Most people are not rich though and have to live in the real world.
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    (Original post by AsandaLFC)
    I feel as if 20 to 25 will be my prime years. Having heard all the horrible stories about how medical school leaves u with little or no social life im skeptical I will be regretting not doing things like:
    . Going to the restaurant with friends
    . Meeting my soulmate
    . having fun with friends during weekends
    . Travelling



    Posted from TSR Mobile
    You don't have as much times as people studying other subjects but it doesn't mean you can't do those things. You probably can't do them as often, but there are also massive rewards to the career. The pros definitely outweigh the cons for me.
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    (Original post by spleenharvester)
    I am also having this dilemma. I've been looking at grad entry medicine, but I'd be 26 by the time I leave med school.
    I'm doing GEM and I'll be 26 when I finish. I get the mick take out of me for being one of the youngest on the course.

    DO IT!
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    (Original post by CuddlyViking)
    I'm doing GEM and I'll be 26 when I finish. I get the mick take out of me for being one of the youngest on the course.

    DO IT!
    I did standard undergrad medicine and was 25 when I finished (gap year, 6 year course) - mid-twenties is hardly past it!
    • Study Helper
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    Study Helper
    (Original post by AsandaLFC)
    I feel as if 20 to 25 will be my prime years. Having heard all the horrible stories about how medical school leaves u with little or no social life im skeptical I will be regretting not doing things like:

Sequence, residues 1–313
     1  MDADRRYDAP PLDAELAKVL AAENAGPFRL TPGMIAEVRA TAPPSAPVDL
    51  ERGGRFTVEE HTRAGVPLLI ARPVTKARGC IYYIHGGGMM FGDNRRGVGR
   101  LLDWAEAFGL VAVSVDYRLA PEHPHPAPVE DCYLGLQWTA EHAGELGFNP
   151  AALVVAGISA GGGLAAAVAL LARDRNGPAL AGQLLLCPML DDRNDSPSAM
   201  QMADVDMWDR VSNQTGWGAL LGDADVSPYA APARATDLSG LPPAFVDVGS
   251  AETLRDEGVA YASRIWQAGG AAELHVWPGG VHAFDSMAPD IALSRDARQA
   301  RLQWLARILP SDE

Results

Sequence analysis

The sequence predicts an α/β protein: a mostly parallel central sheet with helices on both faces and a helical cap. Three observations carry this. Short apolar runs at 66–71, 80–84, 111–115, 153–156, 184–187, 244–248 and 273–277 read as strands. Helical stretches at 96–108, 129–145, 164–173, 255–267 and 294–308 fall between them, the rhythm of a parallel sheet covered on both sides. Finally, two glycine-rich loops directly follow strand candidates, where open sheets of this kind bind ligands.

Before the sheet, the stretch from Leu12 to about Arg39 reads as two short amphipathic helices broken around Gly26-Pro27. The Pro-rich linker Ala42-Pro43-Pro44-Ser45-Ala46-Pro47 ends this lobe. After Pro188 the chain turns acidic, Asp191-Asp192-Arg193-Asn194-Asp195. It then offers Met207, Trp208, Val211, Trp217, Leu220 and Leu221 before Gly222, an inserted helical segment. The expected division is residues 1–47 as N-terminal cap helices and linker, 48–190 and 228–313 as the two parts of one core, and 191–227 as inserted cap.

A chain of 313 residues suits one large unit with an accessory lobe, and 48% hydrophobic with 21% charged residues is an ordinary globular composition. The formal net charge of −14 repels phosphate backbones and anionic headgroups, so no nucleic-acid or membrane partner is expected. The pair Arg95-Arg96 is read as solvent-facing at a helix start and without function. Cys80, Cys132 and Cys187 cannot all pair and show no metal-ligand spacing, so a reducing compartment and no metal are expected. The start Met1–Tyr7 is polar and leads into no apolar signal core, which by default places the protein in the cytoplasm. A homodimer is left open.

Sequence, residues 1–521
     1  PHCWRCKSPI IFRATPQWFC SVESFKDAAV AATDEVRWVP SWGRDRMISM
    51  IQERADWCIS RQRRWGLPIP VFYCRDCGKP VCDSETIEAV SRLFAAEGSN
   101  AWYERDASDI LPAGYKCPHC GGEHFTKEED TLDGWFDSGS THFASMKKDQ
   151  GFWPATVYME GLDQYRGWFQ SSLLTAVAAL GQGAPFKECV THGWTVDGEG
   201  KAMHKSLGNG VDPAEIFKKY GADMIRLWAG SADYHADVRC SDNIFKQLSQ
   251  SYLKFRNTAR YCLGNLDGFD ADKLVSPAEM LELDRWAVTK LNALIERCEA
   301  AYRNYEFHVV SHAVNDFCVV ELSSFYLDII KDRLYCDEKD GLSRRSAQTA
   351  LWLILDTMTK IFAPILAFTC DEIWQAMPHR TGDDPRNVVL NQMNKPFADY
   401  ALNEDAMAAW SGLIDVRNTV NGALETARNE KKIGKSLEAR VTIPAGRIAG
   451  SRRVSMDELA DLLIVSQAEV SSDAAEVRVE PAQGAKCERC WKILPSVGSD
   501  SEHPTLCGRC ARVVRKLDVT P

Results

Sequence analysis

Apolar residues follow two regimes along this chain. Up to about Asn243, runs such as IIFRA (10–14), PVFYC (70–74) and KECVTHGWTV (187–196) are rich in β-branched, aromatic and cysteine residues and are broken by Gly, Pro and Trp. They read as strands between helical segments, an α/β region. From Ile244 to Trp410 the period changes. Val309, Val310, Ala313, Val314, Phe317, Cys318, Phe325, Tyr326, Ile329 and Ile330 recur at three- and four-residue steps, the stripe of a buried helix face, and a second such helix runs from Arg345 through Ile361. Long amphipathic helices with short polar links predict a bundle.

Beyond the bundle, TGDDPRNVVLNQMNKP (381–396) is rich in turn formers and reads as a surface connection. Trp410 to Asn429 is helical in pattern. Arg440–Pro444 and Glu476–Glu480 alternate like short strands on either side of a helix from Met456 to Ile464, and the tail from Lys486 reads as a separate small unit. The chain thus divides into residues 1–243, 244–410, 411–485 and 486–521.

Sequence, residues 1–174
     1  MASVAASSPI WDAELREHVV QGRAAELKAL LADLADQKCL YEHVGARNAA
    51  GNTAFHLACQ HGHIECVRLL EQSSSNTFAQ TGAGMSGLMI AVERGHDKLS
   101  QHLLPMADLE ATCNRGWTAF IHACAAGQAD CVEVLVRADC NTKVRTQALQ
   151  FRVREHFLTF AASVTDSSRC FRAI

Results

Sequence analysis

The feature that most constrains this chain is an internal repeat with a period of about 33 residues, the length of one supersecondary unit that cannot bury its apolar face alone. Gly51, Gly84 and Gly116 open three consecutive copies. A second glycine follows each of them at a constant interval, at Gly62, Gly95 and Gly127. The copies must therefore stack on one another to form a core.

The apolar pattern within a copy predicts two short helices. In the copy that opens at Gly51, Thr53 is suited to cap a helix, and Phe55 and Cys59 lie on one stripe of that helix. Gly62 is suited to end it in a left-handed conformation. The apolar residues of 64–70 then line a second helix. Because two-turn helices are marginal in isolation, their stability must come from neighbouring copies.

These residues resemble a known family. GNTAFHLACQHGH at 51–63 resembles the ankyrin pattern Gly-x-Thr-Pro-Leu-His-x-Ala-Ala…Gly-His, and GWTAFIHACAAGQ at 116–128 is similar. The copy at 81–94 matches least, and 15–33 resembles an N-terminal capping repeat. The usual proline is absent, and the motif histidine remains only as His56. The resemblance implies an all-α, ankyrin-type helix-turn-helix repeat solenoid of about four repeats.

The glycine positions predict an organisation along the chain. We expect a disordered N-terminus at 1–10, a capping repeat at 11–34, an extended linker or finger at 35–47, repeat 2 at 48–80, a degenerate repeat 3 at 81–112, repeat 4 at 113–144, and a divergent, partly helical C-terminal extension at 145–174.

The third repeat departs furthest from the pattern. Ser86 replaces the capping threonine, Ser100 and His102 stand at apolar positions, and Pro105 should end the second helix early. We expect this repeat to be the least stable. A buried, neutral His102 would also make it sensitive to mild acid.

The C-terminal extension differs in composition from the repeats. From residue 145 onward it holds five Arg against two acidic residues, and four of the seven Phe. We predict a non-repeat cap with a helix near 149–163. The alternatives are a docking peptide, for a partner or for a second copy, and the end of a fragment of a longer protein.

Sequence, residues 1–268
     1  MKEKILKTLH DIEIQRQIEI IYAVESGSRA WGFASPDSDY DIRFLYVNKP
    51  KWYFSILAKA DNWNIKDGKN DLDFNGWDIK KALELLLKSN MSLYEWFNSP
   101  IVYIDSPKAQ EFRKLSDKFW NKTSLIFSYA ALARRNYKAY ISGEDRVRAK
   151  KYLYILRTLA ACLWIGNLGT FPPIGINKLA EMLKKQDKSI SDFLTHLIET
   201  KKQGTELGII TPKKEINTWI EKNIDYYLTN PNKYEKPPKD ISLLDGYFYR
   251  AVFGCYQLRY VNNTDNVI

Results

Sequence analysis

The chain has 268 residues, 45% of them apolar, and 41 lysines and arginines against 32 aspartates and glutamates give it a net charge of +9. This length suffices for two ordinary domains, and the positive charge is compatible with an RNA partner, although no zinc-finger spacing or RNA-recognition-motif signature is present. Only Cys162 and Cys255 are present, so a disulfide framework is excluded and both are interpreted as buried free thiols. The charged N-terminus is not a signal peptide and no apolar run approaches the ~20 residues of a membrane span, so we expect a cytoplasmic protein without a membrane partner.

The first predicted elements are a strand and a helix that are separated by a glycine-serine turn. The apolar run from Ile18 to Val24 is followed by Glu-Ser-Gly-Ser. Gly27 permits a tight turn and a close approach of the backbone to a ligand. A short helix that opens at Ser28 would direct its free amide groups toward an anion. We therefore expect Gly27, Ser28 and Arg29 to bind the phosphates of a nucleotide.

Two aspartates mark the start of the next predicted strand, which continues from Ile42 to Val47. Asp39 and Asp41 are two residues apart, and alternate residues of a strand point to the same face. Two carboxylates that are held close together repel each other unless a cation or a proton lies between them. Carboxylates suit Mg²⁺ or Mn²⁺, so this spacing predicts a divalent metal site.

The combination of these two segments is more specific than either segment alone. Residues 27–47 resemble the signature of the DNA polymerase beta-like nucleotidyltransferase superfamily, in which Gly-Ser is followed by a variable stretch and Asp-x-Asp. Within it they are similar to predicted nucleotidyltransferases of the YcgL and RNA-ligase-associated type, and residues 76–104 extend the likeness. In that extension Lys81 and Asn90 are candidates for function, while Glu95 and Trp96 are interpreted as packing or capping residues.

. Going to the restaurant with friends
    . Meeting my soulmate
    . having fun with friends during weekends
    . Travelling



    Posted from TSR Mobile
    In medical school, I get to do all of those things, and am now in my 20s. Except I don't believe in soulmates.

    Posted from TSR Mobile
    • Thread Starter
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    (Original post by Hype en Ecosse)
    Except I don't believe in soulmates.

    Posted from TSR Mobile
    I dont want to die alone

    Posted from TSR Mobile
    • TSR Support Team
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    TSR Support Team
    (Original post by AsandaLFC)
    I dont want to die alone

    Posted from TSR Mobile
    Out of all the answers you get and you only reply to that.

    What guarantee do you have that you'll meet your soul mate before 25? What makes you think the person you meet in your early twenties is the person you'll still be with in your thirties?

    You can't put things off just because you have some idealised notion of meeting a soul mate in your early twenties and then life will magically fall into place after.



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    (Original post by ForestCat)
    Out of all the answers you get and you only reply to that.

    What guarantee do you have that you'll meet your soul mate before 25? What makes you think the person you meet in your early twenties is the person you'll still be with in your thirties?

    You can't put things off just because you have some idealised notion of meeting a soul mate in your early twenties and then life will magically fall into place after.



    Posted from TSR Mobile
    I'd also have thought that it's almost certainly easier for someone to find a partner whilst they're still at university. There's instantly around 100 people of the opposite sex of roughly equivalent intelligence that you are in contact with.
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    is there anyone who studied access to medicine and wouldn't mind sharing some experience with me? thanks
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    I'm in first year at med school and I'm 17 so I will be 23 when I graduate with an undergraduate MBChB and a BSc- I don't think I'm missing out on normal teenage things!